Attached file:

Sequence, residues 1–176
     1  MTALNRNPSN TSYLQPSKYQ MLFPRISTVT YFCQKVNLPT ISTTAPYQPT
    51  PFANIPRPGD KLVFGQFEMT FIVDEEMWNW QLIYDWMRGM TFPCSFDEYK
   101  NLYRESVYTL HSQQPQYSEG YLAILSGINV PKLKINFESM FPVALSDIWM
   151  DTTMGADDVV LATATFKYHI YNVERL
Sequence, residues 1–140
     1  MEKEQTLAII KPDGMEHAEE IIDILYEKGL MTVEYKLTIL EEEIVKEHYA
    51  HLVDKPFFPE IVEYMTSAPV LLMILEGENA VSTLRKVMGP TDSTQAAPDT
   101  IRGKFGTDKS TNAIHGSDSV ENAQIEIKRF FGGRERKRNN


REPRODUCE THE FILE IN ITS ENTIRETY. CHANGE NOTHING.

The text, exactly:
Sequence, residues 1–176
     1  MTALNRNPSN TSYLQPSKYQ MLFPRISTVT YFCQKVNLPT ISTTAPYQPT
    51  PFANIPRPGD KLVFGQFEMT FIVDEEMWNW QLIYDWMRGM TFPCSFDEYK
   101  NLYRESVYTL HSQQPQYSEG YLAILSGINV PKLKINFESM FPVALSDIWM
   151  DTTMGADDVV LATATFKYHI YNVERL
Sequence, residues 1–140
     1  MEKEQTLAII KPDGMEHAEE IIDILYEKGL MTVEYKLTIL EEEIVKEHYA
    51  HLVDKPFFPE IVEYMTSAPV LLMILEGENA VSTLRKVMGP TDSTQAAPDT
   101  IRGKFGTDKS TNAIHGSDSV ENAQIEIKRF FGGRERKRNN